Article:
Workout #1 of the week: November Project PR Clovers. Our tribe’s monthly test to endure 35 hard minutes trapped in the Civic Center Amphitheater. I had a good go at twenty or so Clover laps. I was feeling light and quick on the brick runways. I’m always super grateful to race with my tribe in this setting. A clover is something you would NEVER do on your own. PR Clovers is a workout that takes extreme mental stamina due to the repetition and pounding. It is the tribe’s camaraderie – team effort, common suffering, constant encouragement – that gets each one of us through the monthly test.
Thursday marked the official unoffical one year anniversary of PlayGldn! Official because it’s been one year since Julia and I started hosting PG, but unofficial because we have deliberately not been consistent hosts… like when we’re tapering, avoiding the weather, or just plain need extra sleep.
The whole crew raced this weekend and/or raced PR Clovers, so we planned for a chill, easy jog along the creek followed by coffee at our favorite lil’ shop in Golden, Pangea:
If you’ve been to a PlayGldn workout, you know that we don’t take ourselves to seriously, but we don’t mess around either. It took us a year, but we finally cashed in all the talk we do about coffee and burritos!!
Speaking of burritos, Julia will expand on this in her post, but she has been making happy hour smoothies for us almost every day of the week! When I return from my run commute around 6pm, and need a little sumpin to tide me over until dinner time, Julia has got me covered. She’s been my saving grace with a mug of nutrient dense goodness waiting for me in the fridge!
Denver suddenly relapsed into winter, gracing us with sub-freezing temperatures and icy roads to skate on. I chugged along on my own two feet, ignorant to the slippy, traffic-riddled driving horror stories that my co-workers describe. I’m not jealous of them.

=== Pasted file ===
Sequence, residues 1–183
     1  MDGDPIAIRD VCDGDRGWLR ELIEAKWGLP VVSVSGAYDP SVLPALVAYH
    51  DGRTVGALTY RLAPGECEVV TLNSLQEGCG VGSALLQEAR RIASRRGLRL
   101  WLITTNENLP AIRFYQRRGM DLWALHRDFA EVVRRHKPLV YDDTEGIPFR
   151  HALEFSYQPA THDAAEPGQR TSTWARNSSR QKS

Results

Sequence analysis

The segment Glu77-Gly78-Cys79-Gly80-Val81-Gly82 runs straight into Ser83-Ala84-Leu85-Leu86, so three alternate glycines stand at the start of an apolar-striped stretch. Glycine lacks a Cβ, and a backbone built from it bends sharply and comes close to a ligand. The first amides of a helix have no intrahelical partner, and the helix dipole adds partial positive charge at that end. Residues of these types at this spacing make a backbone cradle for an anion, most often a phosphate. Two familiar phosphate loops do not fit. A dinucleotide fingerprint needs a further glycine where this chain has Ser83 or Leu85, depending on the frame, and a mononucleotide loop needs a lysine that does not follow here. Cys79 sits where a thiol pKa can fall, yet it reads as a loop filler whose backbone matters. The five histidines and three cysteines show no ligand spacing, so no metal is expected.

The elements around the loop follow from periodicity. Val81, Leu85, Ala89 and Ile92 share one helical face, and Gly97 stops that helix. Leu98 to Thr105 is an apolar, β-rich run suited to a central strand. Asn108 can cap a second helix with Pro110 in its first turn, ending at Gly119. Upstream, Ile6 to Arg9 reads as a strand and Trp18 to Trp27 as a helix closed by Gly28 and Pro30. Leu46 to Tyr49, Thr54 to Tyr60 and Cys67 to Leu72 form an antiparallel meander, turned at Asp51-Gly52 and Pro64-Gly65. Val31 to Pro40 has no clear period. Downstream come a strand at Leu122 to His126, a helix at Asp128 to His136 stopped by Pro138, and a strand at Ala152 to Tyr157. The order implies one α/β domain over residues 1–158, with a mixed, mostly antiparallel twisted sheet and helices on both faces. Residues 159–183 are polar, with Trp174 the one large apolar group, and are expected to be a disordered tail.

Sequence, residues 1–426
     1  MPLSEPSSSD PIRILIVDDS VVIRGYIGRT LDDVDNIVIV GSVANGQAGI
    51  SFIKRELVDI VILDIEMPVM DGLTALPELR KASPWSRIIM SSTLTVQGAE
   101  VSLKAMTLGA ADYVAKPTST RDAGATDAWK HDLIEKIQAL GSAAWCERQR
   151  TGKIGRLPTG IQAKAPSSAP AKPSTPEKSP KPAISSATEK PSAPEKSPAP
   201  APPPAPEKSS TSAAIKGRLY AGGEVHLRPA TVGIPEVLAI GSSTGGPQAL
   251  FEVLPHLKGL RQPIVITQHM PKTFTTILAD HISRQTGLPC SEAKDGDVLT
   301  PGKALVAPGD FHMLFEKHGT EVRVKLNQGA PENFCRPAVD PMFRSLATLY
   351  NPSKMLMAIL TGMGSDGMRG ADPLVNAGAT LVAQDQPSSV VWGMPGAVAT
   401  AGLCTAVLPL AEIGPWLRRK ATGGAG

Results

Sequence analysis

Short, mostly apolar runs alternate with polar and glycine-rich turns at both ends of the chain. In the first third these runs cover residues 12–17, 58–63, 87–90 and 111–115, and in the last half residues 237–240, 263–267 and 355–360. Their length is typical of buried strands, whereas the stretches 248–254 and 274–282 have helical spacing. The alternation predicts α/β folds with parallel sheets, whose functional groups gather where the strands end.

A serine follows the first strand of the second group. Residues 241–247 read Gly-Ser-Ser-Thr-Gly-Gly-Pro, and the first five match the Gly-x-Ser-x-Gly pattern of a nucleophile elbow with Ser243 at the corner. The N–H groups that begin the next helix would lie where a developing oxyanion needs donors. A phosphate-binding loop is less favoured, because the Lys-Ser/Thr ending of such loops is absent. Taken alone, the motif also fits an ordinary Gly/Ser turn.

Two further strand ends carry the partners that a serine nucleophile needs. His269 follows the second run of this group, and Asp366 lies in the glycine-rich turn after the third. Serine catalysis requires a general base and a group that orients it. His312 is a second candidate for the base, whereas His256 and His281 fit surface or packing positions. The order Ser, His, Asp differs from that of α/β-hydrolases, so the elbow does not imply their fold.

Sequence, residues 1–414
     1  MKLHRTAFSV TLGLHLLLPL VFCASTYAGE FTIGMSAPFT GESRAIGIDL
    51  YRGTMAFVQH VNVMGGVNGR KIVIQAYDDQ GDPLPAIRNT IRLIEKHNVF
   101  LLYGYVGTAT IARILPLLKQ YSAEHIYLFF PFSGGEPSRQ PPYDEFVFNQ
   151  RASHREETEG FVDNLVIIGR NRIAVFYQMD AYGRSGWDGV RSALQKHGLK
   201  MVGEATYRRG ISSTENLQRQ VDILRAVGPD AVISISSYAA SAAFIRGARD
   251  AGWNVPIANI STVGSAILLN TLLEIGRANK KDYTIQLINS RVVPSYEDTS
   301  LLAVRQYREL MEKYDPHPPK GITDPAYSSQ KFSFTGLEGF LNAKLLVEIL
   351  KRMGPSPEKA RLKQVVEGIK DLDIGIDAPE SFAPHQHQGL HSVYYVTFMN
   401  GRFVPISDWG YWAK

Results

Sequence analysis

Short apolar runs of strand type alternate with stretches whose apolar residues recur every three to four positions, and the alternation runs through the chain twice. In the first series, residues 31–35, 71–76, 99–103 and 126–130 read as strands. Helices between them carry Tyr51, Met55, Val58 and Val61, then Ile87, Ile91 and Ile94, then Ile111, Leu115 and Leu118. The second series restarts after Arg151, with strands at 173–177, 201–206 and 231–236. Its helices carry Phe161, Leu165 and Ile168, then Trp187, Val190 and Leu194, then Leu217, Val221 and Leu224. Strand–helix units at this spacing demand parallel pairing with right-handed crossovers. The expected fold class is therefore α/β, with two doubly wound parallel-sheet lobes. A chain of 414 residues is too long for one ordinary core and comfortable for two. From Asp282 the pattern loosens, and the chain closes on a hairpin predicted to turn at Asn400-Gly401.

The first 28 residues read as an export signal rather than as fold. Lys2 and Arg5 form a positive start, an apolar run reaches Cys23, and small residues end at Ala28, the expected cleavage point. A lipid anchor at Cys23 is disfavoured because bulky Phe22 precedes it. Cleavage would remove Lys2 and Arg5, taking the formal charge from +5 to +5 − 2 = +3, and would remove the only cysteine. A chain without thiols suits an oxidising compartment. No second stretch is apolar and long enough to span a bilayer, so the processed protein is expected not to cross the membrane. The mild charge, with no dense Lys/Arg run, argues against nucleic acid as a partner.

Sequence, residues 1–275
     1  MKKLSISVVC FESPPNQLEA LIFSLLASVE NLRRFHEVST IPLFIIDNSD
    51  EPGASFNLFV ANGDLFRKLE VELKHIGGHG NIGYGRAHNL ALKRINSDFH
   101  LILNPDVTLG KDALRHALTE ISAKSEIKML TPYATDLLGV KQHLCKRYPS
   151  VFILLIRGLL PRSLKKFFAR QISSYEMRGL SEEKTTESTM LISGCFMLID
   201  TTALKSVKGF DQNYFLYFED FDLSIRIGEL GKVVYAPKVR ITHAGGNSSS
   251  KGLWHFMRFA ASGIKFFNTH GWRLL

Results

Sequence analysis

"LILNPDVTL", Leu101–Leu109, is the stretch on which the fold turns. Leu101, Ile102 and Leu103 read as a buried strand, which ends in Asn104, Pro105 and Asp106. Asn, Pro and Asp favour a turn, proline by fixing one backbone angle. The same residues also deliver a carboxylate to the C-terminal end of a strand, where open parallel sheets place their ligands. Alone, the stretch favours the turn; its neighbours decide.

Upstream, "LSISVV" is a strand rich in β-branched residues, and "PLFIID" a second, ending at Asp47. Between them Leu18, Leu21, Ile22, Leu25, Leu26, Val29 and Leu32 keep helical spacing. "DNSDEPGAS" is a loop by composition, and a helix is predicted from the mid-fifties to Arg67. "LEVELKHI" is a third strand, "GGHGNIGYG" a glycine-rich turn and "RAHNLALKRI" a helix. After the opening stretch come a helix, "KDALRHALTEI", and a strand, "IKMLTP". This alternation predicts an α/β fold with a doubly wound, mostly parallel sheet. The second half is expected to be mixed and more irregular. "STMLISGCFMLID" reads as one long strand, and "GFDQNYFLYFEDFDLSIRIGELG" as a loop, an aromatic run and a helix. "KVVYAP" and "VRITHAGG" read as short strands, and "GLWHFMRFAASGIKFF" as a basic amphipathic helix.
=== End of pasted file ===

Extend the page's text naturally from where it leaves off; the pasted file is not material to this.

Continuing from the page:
Since this was a lighter running week for me, I found the time to revisit the last month of train and rejigger my calendar based on what worked over the last five weeks – another thing I never do! Here’s my sequence of Saturday long runs:
- Mid Distance Time Trial
- Long w/Intervals
- Long w/Tempo Finish
- Longest Goal Pace
- Low Mileage Easy
Finding success in this pattern, I updated my training plan for the next two months. As I mentioned, I’m also dreaming about adding races to the buildup for WFL. ON my radar are the Run Thru Time Trail Marathon in Salida in March and the Platte River Half Marathon in April. I’m scared though. Thus far, training has felt great for a reason. I’ve been calm, patient, and believed in incremental gain through hard work. I don’t want to mess that up.
There’s glory in competition, taking chances and fighting pain through racing – all of which I crave, but all of which may detract from my ultimate goal of the WFL. Lucky, I don’t need to make a decision now, they’re tentatively on my calendar and largely weather dependent.
SCHEDULED REST DAY: Cafe au lait, bagel/egg/cheese, laundry, dishes, and re-supply our bulk jars:
Shoutout to Dylan Bowman who is featured in a recent podcast from Redbull. I’m constantly impressed by DBo’s perspective on life & running and his all-around professionalism. The self-anointed Mayor of Marin County is a great role model for ultra running – passionate about the sport, respectful of its history, and appreciative of the opportunity he’s been granted. Bottom line, he’s a cool dude and I’m glad Redbull, The North Face and others have rewarded him through sponsorship.
RACE DAY #2: Right Start Event’s Team Cross Country 5K. This was our third time organizing teams of five November Project compadres to compete in an XC scoring (top 3 per team) 5K event. We’ve had a blast each race, as it’s a great excuse to run fast with minimal pressure, no time keeping, and fast friends.
I wanted to test some things in this race… particularly getting my heart rate up before the gun went off. I noticed in my 6K race from NP two weeks ago that my HR was pretty low through the first mile, so I had a hunch that starting with a higher HR would mean I’m “race ready”. Jury’s still out on whether it helped or not. Crisp conditions this morning led to me sucking cold, dry air that put me in a funk during mile 3. Overall, I ran well but couldn’t catch Demetrios, who gave an impressive attack of the uphill of mile 3.
Our squadron of November Projectors raced hard and smiled all morning. Proud of ’em!
Endurance changes time,